As the cultural capital of Pakistan, the historic city of Lahore is one of the most spectacular places to visit in Southern Asia.
Yet, this city sees very few international tourists and hasn’t been changed much by globalization, allowing it to keep its refreshing authenticity.
Walking around Lahore, you can get an insightful glimpse into what local life is truly like, even in the main tourist areas.
The bustling markets and people on motorbikes flying by you might give you culture shock at first, but the sheer friendliness of the locals will make you feel welcomed right away.
Here’s how to spend 3 perfect days in the cultural heart of Pakistan, including the best places to see in Lahore and the most delicious local dishes to try.
Wander Around the Lahore Fort
Start your visit to Lahore by exploring one of the main historical jewels of the city: the majestic Lahore Fort citadel.
There are over 21 attractions and monuments within its large complex, so be sure to allocate enough time for this place — you can easily spend half a day here!
Most of the attractions inside this citadel date back to the 17th century, and walking around, you’ll see lots of monuments from the Mughal Empire.
In fact, Lahore Fort was named a UNESCO World Heritage Site for its splendid Mughal architecture.
Wandering around Lahore Fort is a very peaceful experience. As with almost all tourist attractions in Lahore, you won’t find any large tour groups or crowds. There’s plenty of nature and greeneries inside this complex, as well as a beautiful view of the nearby Badshahi Mosque.
The star of the citadel is definitely the Shish Mahal (Palace of Mirrors). It was built by Shah Jahan in the1630s and showcased incredible interior stucco decorations.
You’ll be amazed by all the shiny glass mirror-work inside this palace, which was built for the empress at the time!
Some of the other key places to see inside Lahore Fort include the Jahangir’s Sleeping Quarters, the Hall of Public Audience, and the Naulakha pavilion.
There are also three museums inside the complex, and they exhibit everything from miniature paintings to ancient armoury and calligraphy. Insider’s tip: the museums close about an hour before sunset, so make sure to time your visit accordingly!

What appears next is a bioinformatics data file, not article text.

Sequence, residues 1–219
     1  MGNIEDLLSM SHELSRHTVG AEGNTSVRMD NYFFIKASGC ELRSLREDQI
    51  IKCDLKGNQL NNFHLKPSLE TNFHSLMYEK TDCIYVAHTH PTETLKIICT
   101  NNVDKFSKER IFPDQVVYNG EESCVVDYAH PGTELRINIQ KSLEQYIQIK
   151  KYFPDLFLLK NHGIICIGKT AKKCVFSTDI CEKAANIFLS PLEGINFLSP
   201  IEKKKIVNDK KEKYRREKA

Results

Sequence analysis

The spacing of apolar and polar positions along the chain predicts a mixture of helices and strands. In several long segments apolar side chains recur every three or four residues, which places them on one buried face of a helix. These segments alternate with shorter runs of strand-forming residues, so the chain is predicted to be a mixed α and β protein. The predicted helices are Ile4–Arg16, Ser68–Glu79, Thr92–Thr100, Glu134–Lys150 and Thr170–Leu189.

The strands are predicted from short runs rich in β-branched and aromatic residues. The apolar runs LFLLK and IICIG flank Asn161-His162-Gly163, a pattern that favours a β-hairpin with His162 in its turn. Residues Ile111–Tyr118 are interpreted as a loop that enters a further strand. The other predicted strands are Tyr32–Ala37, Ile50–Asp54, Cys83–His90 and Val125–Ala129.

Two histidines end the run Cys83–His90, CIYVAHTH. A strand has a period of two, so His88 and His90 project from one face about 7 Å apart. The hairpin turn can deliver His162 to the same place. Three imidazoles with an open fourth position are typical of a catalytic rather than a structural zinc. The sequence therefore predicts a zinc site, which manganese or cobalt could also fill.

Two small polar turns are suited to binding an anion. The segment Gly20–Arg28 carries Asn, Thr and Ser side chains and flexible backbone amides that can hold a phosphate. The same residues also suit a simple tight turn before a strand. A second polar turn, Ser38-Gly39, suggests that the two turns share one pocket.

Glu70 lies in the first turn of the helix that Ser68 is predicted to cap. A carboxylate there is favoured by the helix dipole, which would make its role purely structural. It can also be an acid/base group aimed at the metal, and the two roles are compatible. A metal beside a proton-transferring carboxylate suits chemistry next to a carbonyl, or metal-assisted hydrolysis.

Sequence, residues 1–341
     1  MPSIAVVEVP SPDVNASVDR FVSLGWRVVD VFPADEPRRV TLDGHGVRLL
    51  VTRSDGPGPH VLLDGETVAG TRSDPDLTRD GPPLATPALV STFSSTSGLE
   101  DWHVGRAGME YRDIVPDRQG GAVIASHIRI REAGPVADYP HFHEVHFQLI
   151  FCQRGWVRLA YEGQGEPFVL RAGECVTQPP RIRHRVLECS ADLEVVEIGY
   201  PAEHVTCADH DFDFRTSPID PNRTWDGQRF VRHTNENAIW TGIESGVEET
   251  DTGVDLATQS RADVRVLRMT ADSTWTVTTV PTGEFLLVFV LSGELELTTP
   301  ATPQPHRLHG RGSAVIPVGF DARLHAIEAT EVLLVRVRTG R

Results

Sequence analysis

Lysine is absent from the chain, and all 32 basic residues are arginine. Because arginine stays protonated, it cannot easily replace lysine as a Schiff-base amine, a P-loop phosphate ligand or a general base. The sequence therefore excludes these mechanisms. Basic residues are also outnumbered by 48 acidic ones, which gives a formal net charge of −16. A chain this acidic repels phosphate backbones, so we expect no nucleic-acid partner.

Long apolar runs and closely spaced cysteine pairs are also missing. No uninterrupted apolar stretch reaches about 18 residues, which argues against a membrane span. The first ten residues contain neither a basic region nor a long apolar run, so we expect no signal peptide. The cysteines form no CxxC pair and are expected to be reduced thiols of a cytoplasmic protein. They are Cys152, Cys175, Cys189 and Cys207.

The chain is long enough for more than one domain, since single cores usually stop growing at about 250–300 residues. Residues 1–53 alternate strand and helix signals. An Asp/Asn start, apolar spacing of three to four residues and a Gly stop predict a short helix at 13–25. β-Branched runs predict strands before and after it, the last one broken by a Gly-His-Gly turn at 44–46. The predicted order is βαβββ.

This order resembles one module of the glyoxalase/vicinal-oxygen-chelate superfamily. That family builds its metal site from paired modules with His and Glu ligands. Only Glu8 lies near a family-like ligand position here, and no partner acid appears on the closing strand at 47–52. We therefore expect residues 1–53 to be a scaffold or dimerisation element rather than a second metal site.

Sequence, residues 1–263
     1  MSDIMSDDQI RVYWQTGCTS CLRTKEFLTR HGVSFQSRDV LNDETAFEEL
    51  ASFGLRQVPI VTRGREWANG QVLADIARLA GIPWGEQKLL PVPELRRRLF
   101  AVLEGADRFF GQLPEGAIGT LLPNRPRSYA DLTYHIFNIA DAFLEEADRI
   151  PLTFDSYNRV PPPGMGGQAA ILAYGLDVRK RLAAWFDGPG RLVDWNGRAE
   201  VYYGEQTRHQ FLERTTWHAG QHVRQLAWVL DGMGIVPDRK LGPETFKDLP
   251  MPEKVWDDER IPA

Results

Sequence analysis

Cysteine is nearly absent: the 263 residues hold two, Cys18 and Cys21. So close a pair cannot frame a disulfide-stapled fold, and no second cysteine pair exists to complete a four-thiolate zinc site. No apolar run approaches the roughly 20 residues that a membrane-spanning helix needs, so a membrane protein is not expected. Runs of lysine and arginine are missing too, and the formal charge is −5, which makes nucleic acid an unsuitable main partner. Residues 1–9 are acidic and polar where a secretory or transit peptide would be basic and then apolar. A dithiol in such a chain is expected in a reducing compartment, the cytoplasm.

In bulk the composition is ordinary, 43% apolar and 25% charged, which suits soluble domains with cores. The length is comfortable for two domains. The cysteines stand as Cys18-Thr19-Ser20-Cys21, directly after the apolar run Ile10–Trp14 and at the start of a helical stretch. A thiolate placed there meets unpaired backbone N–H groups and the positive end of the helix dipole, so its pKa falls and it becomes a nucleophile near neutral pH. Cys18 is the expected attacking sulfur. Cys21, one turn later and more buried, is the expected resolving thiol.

Explore the Majestic Badshahi Mosque
Directly across Lahore Fort is the most famous monument in Lahore: the breathtaking Badshahi Mosque, the second largest mosque in Pakistan. The beauty and splendour of this structure are hard to put into words; you’ll have to see it with your own eyes.
Carved red sandstones are distinct features of its architecture, as they were symbols of Mughal-era art. Around 100,000 worshippers can fit into the mosque’s vast courtyard, which was used as a military base for much of its history.
Spend at least a few hours exploring every corner of this mosque and don’t forget to go inside as well; the details of its architecture will truly astound you.
The Badshahi Mosque is also a great place for photography, and one of the best spots to capture it is from its gorgeous side pavilions.
You’ll find lots of unique angles there and can also frame your shot creatively, taking in parts of the pavilion arches into the composition as well. I did that using wide-angle lenses for Sony A6400, a setup that worked great given the sheer size of the mosque!
Taste the Local Cuisine at Fort Road Food Street
Visiting the Badshahi Mosque comes with another added bonus: it’s only a 5-minute walk to the best food street in town — Fort Road Food Street.
Lahore is popularly deemed as the food capital of Pakistan, so a trip here would be utterly incomplete without tasting some of its local specialities.
There’s really no better place to start your culinary adventure than at Fort Road Food Street, which is home to a dozen restaurants offering authentic local dishes. Some of the best ones are Cooco’s Den, Andaaz Restaurant, and Haveli Restaurant.
All of them also have terraces that provide guests with a magnificent view of the Badshahi Mosque, and I especially recommend getting there for sunset; it truly makes that view extra special!
Walk Around the Delhi Gate Market
Start your second day in Lahore by strolling around one of the best local markets in the Old City: the Delhi Gate Market. This is a great place to chat with locals and get a glimpse into what life is like for them.
The market is bustling with action, movement, and beautiful colours, and the atmosphere there is absolutely incredible. It also carries an incredible history; it’s one of the only 6 gates leading up to the Walled City of Lahore that’s still standing today (there used to be 13 of them, but the rest have all gotten destroyed by war).
Admire the Peaceful Masjid Wazir Khan
The beautiful Masjid Wazir Khan is so close to the Delhi Gate Market that you can see one of its minarets from the vendor’s stalls.